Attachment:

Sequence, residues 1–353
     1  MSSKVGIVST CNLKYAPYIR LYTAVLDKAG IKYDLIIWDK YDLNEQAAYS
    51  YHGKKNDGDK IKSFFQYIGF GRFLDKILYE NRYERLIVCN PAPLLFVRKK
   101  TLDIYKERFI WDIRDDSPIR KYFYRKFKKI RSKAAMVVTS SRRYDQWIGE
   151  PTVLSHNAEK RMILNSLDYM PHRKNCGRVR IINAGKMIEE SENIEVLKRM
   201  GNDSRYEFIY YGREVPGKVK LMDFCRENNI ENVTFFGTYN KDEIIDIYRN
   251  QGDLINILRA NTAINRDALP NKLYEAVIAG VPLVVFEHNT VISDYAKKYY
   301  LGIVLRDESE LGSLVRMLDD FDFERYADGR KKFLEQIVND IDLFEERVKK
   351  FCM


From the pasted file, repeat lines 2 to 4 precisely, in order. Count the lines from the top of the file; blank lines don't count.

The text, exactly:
     1  MSSKVGIVST CNLKYAPYIR LYTAVLDKAG IKYDLIIWDK YDLNEQAAYS
    51  YHGKKNDGDK IKSFFQYIGF GRFLDKILYE NRYERLIVCN PAPLLFVRKK
   101  TLDIYKERFI WDIRDDSPIR KYFYRKFKKI RSKAAMVVTS SRRYDQWIGE